While the above studies strongly support a role of inflammatory cells in hypertension, the precise mechanisms involved in this process remain a focus of substantial research. In the case of T cells, various hypertensive stimuli increase the percent of circulating T cells with an effector phenotype. These cells accumulate in the PVAT and in the kidney where they release cytokines that seem to have a critical role in raising blood pressure. A particularly important cytokine seems to be interleukin-17 (IL-17). TH17 cells, a unique subset of CD4+ cells, distinct from TH1 and TH2 cells, were initially thought to be the major source of this cytokine. It is now recognized that IL-17 is also made by CD8+ cells (Kondo et al., 2009), neutrophils (Li et al., 2010), and natural killer T cells (Lee et al., 2008). IL-17 contributes to a variety of human diseases including rheumatoid arthritis, inflammatory bowel disease, psoriasis, and airway inflammation (Witowski et al., 2004). We found mice lacking IL-17A (IL-17−/− mice) develop blunted hypertension during angiotensin II infusion and that the increase in superoxide production and reduction of endothelium-dependent vasodilatation observed in hypertensive wild-type mice does not occur in IL-17−/− mice (Madhur et al., 2010). In keeping with this, it has recently been reported that IL-17 can activate the NADPH oxidase, a major source of reactive oxygen species in hypertension (Pietrowski et al., 2011). We also found that the vascular accumulation of leukocytes (including other T cells) caused by angiotensin II is markedly reduced in IL-17−/− mice. This is in accord with the concept that IL-17 stimulates chemokine release and promotes chemotaxis of other inflammatory cells (Kao et al., 2005; Hartupee et al., 2007). Thus, IL-17 likely contributes to vascular pathology in hypertension not only by direct effects, but also by recruiting other inflammatory cells.

Of interest, a major driver of IL-17 expression is IL-6, which acts in concert with transforming growth factor to polarize both CD4+ and CD8+ cells toward IL-17 production. IL-6 is a multifunctional cytokine produced by many cells including T cells, B cells, fibroblasts, and endothelial cells. In vivo treatment with IL-6 causes fever, weight loss, and generalized fatigue. IL-6 stimulates the liver to produce acute phase reactants including serum amyloid A and C-reactive protein and to decrease production of albumin (Nishimoto, 2010). Antibodies to IL-6 have been used to treat a variety of human diseases, including rheumatoid arthritis, Crohn’s disease, lupus erythematosus, Casteleman’s disease, Stills disease, systemic onset juvenile onset arthritis (soJIA), and a variety of neoplasms. Both clinical observations and experimental studies have strongly implicated IL-6 in the genesis of hypertension. In the early 1990s, it was recognized that some pheochromocytomas, which cause severe hypertension, produce IL-6 (Suzuki et al., 1991). There are significant, albeit weak correlations between serum IL-6 levels and blood pressure in healthy volunteers (Chae et al., 2001; Fernandez-Real et al., 2001), and lowering blood pressure reduces serum IL-6 levels in hypertensive subjects (Vazquez-Oliva et al., 2005). A very recent study has shown that IL-6 accumulates in the kidney, and in particular the glomeruli, of patients with chronic kidney disease and hypertension, to a greater extent than in patients with CKD and no hypertension (Zhang et al., 2012). In Wystar-Kyoto rats, renal sympathetic nerve stimulation increases renal production of IL-6 (Nakamura et al., 1993). Angiotensin II stimulates the production of IL-6 by vascular smooth muscle cells via a pathway involving the AT1 receptor, increased intracellular calcium, tyrosine kinase and MAP kinase stimulation and IL-6 transcriptional activation (Funakoshi et al., 1999). Several studies have shown that IL-6 deficient mice are protected against stress-induced hypertension, angiotensin II-induced hypertension, and renal damage caused by hypertension (Lee et al., 2004; Hartupee et al., 2007; Sturgis et al., 2009; Brands et al., 2010; Zhang et al., 2012). In an elegant study, Luther et al. (2006) showed that acute angiotensin II infusion in humans increases circulating IL-6, and that this is prevented by pretreatment with spironolactone, indicating a role of aldosterone in this response.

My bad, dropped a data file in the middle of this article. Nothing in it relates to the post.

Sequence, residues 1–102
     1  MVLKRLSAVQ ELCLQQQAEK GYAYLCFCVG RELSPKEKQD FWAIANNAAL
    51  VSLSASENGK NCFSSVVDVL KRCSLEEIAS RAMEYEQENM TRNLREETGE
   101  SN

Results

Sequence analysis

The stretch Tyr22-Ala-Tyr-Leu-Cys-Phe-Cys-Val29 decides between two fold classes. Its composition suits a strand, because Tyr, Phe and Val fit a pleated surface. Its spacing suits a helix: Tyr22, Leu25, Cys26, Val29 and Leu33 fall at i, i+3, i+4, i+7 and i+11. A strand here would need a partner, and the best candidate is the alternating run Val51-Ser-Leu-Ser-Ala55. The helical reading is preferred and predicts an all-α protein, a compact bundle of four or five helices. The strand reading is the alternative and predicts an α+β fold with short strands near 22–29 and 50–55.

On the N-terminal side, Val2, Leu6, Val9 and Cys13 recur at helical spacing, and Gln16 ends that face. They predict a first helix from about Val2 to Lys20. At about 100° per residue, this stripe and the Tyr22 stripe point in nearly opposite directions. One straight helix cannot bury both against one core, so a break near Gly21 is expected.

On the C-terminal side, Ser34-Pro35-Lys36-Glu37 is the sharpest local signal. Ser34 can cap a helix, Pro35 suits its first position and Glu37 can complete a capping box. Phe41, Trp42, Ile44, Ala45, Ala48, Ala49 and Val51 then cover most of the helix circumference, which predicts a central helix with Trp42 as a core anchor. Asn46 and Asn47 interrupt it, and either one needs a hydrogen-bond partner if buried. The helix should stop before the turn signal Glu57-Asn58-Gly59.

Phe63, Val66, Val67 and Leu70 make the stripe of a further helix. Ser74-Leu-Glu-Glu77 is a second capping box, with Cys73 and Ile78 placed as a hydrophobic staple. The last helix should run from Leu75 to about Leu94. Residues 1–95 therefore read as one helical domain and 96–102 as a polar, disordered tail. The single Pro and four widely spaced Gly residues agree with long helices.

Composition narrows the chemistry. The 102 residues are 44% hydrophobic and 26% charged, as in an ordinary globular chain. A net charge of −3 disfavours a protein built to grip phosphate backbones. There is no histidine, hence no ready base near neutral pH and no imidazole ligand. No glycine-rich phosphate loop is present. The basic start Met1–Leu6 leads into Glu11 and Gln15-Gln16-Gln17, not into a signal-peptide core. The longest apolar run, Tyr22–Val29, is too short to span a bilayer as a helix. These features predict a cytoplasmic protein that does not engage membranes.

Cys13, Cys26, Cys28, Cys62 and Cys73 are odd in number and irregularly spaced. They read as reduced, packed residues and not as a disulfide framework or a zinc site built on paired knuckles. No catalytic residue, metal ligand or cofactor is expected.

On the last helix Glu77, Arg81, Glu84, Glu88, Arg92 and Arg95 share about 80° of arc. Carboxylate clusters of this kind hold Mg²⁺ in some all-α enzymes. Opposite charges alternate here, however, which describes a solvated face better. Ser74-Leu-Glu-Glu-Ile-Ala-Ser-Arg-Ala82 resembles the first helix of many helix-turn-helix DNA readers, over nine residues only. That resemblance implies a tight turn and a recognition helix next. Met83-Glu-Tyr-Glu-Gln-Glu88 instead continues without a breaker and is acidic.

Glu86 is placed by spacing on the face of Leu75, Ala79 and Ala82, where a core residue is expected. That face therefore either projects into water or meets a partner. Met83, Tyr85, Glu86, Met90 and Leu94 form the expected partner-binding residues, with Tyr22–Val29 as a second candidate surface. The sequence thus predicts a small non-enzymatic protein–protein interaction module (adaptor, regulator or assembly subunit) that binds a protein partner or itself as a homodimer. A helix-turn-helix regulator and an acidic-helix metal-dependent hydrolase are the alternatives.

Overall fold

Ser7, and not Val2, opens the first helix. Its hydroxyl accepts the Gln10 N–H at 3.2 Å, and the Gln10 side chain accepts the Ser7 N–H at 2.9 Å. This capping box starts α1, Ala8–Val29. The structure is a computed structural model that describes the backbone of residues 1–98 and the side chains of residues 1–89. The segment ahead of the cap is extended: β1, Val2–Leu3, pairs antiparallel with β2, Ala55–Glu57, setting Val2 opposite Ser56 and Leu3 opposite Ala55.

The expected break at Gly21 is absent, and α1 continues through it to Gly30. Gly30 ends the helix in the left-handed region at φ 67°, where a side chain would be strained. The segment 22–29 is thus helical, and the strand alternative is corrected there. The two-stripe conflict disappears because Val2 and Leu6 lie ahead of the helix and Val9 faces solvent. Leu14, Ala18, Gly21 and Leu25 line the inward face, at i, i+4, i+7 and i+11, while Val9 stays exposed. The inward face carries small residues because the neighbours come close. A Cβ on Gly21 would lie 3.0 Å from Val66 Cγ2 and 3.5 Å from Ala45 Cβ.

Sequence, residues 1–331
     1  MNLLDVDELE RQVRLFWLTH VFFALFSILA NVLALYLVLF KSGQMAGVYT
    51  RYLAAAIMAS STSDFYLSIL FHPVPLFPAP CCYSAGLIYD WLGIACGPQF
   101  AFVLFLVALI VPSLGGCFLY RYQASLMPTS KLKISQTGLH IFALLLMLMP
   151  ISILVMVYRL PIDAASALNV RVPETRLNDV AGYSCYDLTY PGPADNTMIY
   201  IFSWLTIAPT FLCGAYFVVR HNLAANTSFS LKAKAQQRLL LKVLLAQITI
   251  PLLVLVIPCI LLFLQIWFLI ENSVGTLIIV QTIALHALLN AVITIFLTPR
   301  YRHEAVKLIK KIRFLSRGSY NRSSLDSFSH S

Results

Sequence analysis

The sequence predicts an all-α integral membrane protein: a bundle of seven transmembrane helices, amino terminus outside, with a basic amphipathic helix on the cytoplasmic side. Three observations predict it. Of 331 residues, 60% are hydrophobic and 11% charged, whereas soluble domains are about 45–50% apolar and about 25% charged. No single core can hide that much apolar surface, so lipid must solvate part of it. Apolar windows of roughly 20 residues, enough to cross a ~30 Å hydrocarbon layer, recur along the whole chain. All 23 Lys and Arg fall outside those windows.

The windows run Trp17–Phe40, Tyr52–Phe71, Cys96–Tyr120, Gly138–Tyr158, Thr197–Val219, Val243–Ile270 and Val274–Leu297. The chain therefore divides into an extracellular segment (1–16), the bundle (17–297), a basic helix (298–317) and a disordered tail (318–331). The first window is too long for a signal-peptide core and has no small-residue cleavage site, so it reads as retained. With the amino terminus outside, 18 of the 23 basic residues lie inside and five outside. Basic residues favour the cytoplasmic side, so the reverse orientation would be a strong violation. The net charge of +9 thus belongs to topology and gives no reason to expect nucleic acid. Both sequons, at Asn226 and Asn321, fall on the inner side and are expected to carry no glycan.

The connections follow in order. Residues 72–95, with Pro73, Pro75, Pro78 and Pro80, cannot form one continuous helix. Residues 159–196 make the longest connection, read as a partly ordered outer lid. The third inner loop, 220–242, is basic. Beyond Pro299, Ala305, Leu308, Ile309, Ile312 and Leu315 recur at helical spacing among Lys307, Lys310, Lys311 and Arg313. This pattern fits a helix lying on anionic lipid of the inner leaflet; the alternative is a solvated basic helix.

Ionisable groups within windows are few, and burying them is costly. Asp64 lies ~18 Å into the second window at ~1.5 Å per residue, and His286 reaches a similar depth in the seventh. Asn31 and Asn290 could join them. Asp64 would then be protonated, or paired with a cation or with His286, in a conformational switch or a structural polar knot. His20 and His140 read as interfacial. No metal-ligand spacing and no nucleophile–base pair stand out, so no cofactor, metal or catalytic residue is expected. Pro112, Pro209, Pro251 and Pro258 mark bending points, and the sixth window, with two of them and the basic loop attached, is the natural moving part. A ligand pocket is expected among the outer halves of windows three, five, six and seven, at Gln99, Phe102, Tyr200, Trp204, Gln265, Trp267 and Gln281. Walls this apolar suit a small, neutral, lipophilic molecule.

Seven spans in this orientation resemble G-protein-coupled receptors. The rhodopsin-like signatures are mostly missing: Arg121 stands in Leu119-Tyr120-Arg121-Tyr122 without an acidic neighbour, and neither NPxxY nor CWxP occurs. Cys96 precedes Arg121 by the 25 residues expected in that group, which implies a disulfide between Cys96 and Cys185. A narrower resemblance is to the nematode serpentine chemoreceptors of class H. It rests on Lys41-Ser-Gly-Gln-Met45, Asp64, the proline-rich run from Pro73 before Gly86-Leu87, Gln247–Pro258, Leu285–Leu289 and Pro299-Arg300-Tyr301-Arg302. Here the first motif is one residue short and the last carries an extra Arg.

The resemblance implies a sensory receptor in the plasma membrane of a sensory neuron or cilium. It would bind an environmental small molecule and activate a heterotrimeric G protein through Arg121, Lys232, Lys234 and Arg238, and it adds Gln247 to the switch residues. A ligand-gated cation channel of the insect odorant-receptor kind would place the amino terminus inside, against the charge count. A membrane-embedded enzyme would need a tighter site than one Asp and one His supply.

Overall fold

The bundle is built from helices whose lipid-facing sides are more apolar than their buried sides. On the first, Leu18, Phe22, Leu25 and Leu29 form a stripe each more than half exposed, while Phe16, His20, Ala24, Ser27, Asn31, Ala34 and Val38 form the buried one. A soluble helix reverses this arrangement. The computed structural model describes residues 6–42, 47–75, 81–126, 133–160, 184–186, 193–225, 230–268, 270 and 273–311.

Based on these studies, it has become clear that inflammatory cytokines such as IL-17 and IL-6 contribute to hypertension, likely both by worsening blood pressure elevation and by causing end-organ damage. Studies such as these have led to the proposal that IL-6 antagonists could be used to treat resistant hypertension (Kapoor, 2007). The precise mechanisms by which these cytokines interact remains unclear, but it is interesting to speculate that IL-6 production in the kidney or vasculature might induce T cells to produce IL-17, ultimately leading to hypertension.

Summary – An Integral Role of Inflammation in the Systems Biology View of Hypertension

As mentioned in the introduction of this chapter, there remains substantial debate about the precise roles of the central nervous system, the kidney, and the vasculature in hypertension and a clear understanding of how a stimulus like angiotensin II can coordinate dysfunction of all of these remains undefined. We propose that inflammation provides a link between these systems, and by producing dysfunction in each, leads to an elevation of blood pressure. This working hypothesis is pictured in Figure 1. Stimuli such as angiotensin II, high salt, or chronic stress activates regions of the brain such as the CVO, leading to an increase in sympathetic outflow and perhaps other signals that cause modest elevations in systemic pressure (pre-hypertension) and promote local production of cytokines. The elevations in pressure, in concert with the direct insults of angiotensin II and increased neurotransmitters such as norepinephrine lead to tissue injury, release of tissue-derived cytokines such as IL-6 and formation of neoantigens, perhaps due to oxidative modifications. APCs, including dendritic cells and macrophages are involved in presenting these neoantigens, leading to T cell activation. The activated T cells produce cytokines such as IL-17, which are critical in the hypertensive process. This inflammatory milieu, comprised of IL-17, IL-6, catecholamines, angiotensin II, and ROS promote sodium retention in the kidney and in the vasculature causes vasoconstriction and vascular remodeling. These events cause progression of pre-hypertension to overt severe hypertension.